Working Papers on Nervan, Trajanic and Hadrianic Literature 1.29 (17/3/15)
‘Greeks and Romans on Jokes and Laughter: Quintilian’s Inst. 6.3 and Plutarch’s Quaest. Conv. 2.1’ Katarzyna Jazdzewska
Abstract for a paper given at the project’s 3rd Literary Interactions conference, in Boston, 18-19 June 2015:
The purpose of the paper is to compare and examine two ancient discussions of jokes and laughter, coming from two roughly contemporary writers: Quintilian (Inst. 6.3) and Plutarch (quaestio 2.1 of Quaest. conv.). Together with Cicero (De orat. 2.216-289), the two authors provide the most extensive theoretical reflection on laughter coming from antiquity, drawing from and reflecting on the previous ancient tradition of humour studies, the foundations for which were laid by Plato, and which were developed by Aristotle and subsequent thinkers of the Hellenistic period.
The paper focuses on Quintilian’s and Plutarch’s understanding of laughter and humour and on the two authors’ evaluation of usefulness and perils of these phenomena. The context of the two authors’ discussions is markedly different: Plutarch is discussing laughter within a context of a Greek symposion, while Quintilian is concerned with the use of jokes and laughter in oratory, above all courtroom oratory. As a result, Plutarch focuses on laughter as a bonding phenomenon and provides advice on inoffensive, “proper” joking, which he distinguishes carefully from insult and ridicule. Quintilian’s concern, on the other hand, is the efficiency of laughter and jokes as a confrontational, polemical strategy (in brief, they should present an orator in a good light, and his opponent in a bad one).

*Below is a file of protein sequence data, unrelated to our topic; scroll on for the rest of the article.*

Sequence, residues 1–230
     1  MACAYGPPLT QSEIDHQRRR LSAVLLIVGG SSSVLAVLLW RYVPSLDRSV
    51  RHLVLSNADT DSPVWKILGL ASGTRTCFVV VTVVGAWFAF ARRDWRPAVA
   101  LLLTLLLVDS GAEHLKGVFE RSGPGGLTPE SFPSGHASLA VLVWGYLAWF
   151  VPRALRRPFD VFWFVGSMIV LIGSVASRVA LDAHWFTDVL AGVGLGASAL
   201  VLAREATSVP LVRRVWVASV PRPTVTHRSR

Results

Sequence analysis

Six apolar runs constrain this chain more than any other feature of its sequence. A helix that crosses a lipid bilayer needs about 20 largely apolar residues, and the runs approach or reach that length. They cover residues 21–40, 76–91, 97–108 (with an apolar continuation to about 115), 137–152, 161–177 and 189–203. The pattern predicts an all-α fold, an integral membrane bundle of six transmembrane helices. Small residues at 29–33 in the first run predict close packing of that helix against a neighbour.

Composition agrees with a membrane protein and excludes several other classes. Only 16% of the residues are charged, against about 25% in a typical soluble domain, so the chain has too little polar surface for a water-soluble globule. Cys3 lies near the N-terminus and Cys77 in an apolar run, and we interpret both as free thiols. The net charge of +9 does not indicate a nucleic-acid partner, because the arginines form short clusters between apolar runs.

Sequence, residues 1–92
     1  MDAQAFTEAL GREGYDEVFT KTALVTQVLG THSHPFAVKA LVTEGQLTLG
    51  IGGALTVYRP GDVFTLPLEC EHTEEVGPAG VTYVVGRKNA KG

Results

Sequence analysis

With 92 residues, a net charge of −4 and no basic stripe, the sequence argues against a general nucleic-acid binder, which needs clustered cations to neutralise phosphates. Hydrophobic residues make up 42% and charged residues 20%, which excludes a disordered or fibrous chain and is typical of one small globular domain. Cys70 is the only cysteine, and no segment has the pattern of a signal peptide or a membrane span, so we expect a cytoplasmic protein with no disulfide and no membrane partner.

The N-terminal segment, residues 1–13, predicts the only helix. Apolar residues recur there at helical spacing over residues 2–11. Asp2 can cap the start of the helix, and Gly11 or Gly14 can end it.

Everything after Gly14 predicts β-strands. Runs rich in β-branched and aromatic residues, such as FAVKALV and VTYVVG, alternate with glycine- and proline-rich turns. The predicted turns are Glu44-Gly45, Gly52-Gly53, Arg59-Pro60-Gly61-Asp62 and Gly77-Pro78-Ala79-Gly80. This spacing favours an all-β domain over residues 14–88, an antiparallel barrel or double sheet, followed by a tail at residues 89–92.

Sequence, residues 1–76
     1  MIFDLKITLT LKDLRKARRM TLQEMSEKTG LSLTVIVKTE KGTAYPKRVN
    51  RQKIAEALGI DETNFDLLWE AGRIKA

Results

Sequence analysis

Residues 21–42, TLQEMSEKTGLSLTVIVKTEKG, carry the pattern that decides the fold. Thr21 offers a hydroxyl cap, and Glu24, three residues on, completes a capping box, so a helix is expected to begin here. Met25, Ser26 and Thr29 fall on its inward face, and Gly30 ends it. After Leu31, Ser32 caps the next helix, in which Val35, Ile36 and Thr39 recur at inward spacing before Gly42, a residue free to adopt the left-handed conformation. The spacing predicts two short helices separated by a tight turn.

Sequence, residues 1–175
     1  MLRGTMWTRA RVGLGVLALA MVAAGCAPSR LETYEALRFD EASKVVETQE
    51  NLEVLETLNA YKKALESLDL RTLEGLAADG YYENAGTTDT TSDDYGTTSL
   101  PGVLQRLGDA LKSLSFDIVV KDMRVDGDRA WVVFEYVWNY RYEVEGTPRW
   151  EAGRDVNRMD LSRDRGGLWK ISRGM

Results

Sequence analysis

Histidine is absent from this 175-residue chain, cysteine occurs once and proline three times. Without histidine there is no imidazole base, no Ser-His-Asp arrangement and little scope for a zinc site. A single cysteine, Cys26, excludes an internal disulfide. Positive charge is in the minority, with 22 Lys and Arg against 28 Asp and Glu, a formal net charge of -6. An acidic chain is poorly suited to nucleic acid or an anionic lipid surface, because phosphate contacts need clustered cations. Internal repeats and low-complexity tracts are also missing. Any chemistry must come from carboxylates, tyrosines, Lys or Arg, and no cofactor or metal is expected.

Despite the difference of the context, there is a considerable number of parallels in Quintilian and Plutarch, which indicate that they are working within the same intellectual tradition, even if their different preoccupations make them occupy opposite positions (for instance, both authors give their assessment of Cicero’s wit, both are concerned with the observance of good taste, and both discuss skills and techniques required to successfully use jokes and raise laughter). Remarkably, however, while Plutarch’s treatment of laughter betrays certain universalizing tendency (he uses a variety of Greek, Roman, and barbarian exempla), Quintilian’s account is very much Rome-centred: like Cicero before him, he is dismissive of Greek theory and practice of humour (at least in the rhetorical context), as both his exclusively Roman exempla and comments on Demosthenes’ lack of wit show.